People who spend their days working at a chic coworking space like WeWork or The Wing and workout at a members-only gym like Equinox or OrangeTheory may be intrigued by a new play space called The Wonder that opens its doors this Sunday.
For an annual subscription of $4,800 a year–yes, that’s the cost of college tuition in some states–a family gains access to a theatrically designed space in Tribeca, New York, that offers classes to children, from newborns to tweens. No cell phones are allowed in most parts of the space. There’s a fully stocked changing room full of organic diapers and all-natural baby lotion from organic brand Evereden. For parents, the bathroom is stocked with high-end beauty products from the nontoxic brand Beautycounter. There’s even a stroller detailing station where experts will suck up cookie crumbs from your child’s buggy using a Dyson vacuum cleaner.
The Wonder has $2 million in seed funding from angel investors including Rebecca Minkoff, Marissa Mayer, and Red Sea Ventures, and it is the brainchild of two moms: Sarah Robinson, who previously founded a fertility startup, and Noria Morales, who led collaborations and influencer marketing at Target. When the two of them met up, they often commented on how little innovation there had been in kids’ enrichment activities since they themselves were children. “We were still doing the parachute,” Robinson says. (This is a game where toddlers hold the sides of a large piece of airy fabric and watch it go up and down in the air.) “We wanted to come up with more creative options for kids.”
At The Wonder, classes and activities will be off the beaten track. For instance, there will be classes on things that kids obsess over, including dinosaurs, unicorns, and trains. For kids who are really into insects, there will be a visiting bug zoo. There will also be workshops led by kids: An 11-year-old girl named Ella will teach a class about slime and a 9-year-old boy named Ender will teach a class about a spinning top called a Beyblade. There will be a lot of artist-inspired classes, too, including a Frida Kahlo crown-making class and a pin-the-ear-on-Van Gogh game. “We organized our programming through the lens of art and culture,” says Morales. “We hope to partner with other important cultural hubs in New York, like the Met and the Museum of Science, so that families don’t have to go all over the city. They can just come here.”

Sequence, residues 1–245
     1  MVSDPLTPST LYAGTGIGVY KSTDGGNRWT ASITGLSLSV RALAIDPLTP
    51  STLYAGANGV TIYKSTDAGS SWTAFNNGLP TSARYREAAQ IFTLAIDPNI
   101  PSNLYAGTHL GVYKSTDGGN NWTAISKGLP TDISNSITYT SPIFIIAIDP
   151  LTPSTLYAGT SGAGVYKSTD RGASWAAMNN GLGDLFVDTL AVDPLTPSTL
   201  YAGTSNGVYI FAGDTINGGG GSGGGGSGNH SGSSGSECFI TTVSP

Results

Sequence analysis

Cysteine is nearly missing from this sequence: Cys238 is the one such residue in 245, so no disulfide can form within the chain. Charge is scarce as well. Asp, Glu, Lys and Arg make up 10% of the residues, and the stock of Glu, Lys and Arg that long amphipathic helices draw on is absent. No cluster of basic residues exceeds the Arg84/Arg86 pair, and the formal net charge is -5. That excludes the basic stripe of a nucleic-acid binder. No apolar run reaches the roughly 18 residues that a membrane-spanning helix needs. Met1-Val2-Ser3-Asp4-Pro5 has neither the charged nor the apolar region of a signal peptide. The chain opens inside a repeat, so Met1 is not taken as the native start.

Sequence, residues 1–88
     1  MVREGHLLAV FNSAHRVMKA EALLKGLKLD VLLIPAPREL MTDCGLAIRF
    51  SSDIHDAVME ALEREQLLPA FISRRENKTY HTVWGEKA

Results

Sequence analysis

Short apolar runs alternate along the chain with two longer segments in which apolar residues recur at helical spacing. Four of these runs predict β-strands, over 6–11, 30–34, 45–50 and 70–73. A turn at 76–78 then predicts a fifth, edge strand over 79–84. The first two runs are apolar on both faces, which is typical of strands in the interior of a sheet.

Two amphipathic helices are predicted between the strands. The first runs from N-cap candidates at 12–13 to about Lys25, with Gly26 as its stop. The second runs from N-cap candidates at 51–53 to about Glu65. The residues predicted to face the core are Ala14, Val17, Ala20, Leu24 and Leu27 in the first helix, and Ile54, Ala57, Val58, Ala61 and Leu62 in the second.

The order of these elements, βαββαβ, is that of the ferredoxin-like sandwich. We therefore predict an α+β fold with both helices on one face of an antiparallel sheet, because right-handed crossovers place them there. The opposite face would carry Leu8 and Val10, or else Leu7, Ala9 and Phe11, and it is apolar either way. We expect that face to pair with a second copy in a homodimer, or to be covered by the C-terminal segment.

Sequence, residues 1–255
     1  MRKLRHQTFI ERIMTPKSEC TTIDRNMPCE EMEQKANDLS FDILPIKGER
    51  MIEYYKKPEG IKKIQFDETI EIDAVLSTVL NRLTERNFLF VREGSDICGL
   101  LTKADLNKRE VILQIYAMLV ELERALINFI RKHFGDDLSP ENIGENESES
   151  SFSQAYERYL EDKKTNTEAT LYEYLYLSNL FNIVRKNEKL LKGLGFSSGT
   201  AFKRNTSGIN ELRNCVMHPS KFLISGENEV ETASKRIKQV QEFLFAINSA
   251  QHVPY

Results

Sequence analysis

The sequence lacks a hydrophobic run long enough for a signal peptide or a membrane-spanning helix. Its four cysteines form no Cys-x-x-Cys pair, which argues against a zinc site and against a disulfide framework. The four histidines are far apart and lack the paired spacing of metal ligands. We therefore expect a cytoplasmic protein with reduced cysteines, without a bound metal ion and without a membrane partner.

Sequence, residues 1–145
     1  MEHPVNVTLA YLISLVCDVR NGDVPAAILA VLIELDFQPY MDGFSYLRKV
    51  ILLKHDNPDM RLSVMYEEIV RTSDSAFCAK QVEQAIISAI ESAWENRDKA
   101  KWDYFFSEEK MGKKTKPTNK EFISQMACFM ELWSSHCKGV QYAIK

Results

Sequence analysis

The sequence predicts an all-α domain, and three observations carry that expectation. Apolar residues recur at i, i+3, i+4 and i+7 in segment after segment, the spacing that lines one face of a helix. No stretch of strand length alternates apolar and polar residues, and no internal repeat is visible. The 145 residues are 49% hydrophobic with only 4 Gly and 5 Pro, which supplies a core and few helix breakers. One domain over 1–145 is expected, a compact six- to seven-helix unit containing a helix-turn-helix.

Morales says that the space was designed to be enjoyable for the whole family. For instance, there is a parents-only lounge with telephone booths and a communal work table. There’s a 1,500-square-foot space with wraparound stadium seating for parents and children to have unstructured play. And the theme of the space will change every season. There is currently a rocket in the center, to celebrate the 50th anniversary of the moon landing. There’s also a cafe on site that has a menu for kids (like hard-boiled eggs dyed blue to look like dinosaur eggs) and adults (like booze). Parents can go into classes with their children, but if they choose not to, they can sit at the cafe and get some work done.
The Wonder costs $400 a month, but asks families to commit to an annual subscription to encourage people to get to know each other over a longer period of time. “This is not a daycare,” says Morales. “This is a space where families can create a sense of community with other people. We envision scenarios like nannies bringing kids to The Wonder during the day, then parents meeting their kids there after work, grabbing a bite to eat, doing a class, then getting home by 7:30 p.m. for bedtime.” (In other words, families would need to budget $4,800 on top of the money they are already spending on nannies and daycare.)
Of course, given the price point of The Wonder, this space is likely to be a community for wealthy people who have a lot of disposable income to spend on enrichment activities for their children. Robinson and Morales acknowledge that the fee is steep, but they also suggest that many parents spend a lot of money on kids’ classes and activities. For the annual subscription, a family can have access to all those activities for free.
For the average family, though, this will seem like a high-end, members-only club, much like the many others that have popped up all over cities for adults, including Soho House and Spring Place. It also plays into a culture of intensive parenting among educated parents, who are willing to pour a lot of time and money into the project of raising their children. Many wealthy parents are fixated on ensuring that their children have the best possible chance to succeed in life, especially given the fact that for the first time in history, children are just as likely as not to be less prosperous than their parents. The Wonder provides a solution for parents who want to immerse their children in educational and enriching activities–but it comes at a cost.
The Wonder opens to the public Sunday, May 12, Mother’s Day. The founders hope to expand the concept to cities elsewhere in the country.